By: Soondos Mulla-Ossman ~Staff Writer~
At Sunday afternoon’s introduction of Anat Cohen, the jazz musician was described as the most faceted and multi-talented in the world. As just one example, she performed a Brazilian piece once and played it so authentically that a Brazilian listener was convinced she was born in the same country.
Xavier University’s Music Series started this semester off with the Israeli born-and-raised jazz musician determined to bring the clarinet and saxophone into the modern world with her own flair.
Prior to her performance on campus, Cohen had been invited to renowned jazz festivals around the world, including Newport, Chicago, Monterey, New Orleans Jazz & Heritage, SF Jazz (San Francisco), Playboy (Los Angeles), Duke Ellington (Washington, D.C.), Montreal, Copenhagen, Jazz a Vienne, Umbria, North Sea (Netherlands), Tudo e Jazz (Brazil), Caesaria (Israel) and Zagreb Jazzerella. Additionally, her performances have been broadcasted nationally, from NPR in the U.S. to Radio Bermen in Germany.
So what makes her so good? DownBeat reviewed her and her quartet’s North See Jazz Festival performance and said, “Cohen not only proved to be a woodwind revelation of dark tones and delicious lyricism, but also a dynamic bandleader who danced and shouted encouragement to her group – whooping it up when pianist Jason Lindner followed her clarinet trills on a Latinflavored number…With her dark, curly, shoulder-length hair swaying to the beat as she danced, she was a picture of joy.”
During Sunday’s performance with a quartet consisting of Daniel Freedman on drums, Tal Mashiach on bass, Gary Versace on piano, and of course Anat Cohen leading with her clarinet and saxophone.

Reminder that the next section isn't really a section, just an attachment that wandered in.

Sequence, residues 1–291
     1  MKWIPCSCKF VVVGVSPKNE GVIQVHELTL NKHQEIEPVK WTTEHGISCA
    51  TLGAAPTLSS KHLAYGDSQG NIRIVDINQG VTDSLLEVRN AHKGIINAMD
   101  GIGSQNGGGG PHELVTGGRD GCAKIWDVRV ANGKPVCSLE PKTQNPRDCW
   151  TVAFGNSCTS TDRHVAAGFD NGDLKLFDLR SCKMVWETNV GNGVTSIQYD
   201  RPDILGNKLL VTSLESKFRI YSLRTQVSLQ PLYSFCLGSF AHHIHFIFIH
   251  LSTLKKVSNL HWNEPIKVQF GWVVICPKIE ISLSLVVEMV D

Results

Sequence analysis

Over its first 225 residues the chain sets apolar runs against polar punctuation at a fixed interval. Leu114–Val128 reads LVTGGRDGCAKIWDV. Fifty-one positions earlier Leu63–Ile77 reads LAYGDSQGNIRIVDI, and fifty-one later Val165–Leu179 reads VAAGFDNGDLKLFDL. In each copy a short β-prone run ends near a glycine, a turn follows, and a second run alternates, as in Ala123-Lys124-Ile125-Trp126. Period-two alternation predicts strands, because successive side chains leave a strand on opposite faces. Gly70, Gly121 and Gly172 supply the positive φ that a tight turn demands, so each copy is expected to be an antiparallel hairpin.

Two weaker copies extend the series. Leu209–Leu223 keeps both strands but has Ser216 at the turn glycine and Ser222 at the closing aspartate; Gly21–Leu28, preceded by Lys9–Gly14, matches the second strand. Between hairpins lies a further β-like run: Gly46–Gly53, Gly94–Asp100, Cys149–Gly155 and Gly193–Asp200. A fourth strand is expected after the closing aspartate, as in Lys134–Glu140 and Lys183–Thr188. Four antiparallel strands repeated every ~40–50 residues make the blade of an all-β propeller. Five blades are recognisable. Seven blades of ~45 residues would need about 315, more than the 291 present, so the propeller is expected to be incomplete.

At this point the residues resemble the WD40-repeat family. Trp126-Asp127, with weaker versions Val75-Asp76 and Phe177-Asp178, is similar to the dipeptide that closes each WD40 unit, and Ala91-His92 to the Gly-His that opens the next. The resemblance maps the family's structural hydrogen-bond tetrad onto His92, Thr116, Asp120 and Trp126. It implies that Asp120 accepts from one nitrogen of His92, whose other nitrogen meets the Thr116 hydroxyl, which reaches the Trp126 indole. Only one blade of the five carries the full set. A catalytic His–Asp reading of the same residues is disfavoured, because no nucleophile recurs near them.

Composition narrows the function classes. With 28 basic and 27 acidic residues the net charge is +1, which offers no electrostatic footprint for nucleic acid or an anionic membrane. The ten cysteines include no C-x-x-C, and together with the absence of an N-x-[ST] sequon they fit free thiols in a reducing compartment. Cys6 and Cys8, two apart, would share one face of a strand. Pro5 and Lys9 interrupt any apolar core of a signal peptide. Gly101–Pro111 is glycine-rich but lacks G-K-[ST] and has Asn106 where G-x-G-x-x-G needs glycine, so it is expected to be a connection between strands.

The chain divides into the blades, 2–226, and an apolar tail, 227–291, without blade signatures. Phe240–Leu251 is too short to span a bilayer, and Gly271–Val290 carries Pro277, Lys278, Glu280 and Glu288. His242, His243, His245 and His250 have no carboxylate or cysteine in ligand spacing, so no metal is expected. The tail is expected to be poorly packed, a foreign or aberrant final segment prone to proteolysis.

“Putty Boy Strut,” originally by Flying Locust, was a crowd favorite.
From the crisp notes of the clarinet to the rhythmic beats to the synchronized bass to the dancing piano keys, the only thing left to turn the theater into a swinging dance floor was to remove the seats.
Up on stage, Cohen was already dancing for everyone. She clapped to the other three quartet members when the clarinet fell silent, laughing and spurring life into the audience.
She received a standing ovation and warmly bowed with her quartet as a group.
Cohen encouraged the audience to enjoy themselves before beginning, and, judging by the departing smiles spread across faces old and young, student and retiree, they certainly did.
Two of her latest albums, Luminosa and Claroscuro, were available for purchase.
If you attended the performance and crave more jazz, or if you missed the opportunity and wish to discover the allure, Bill Charlap the premier jazz pianist will be performing in March, followed by the Christian McBride Trio, the five-time Grammy-winning jazz bassist, in April.
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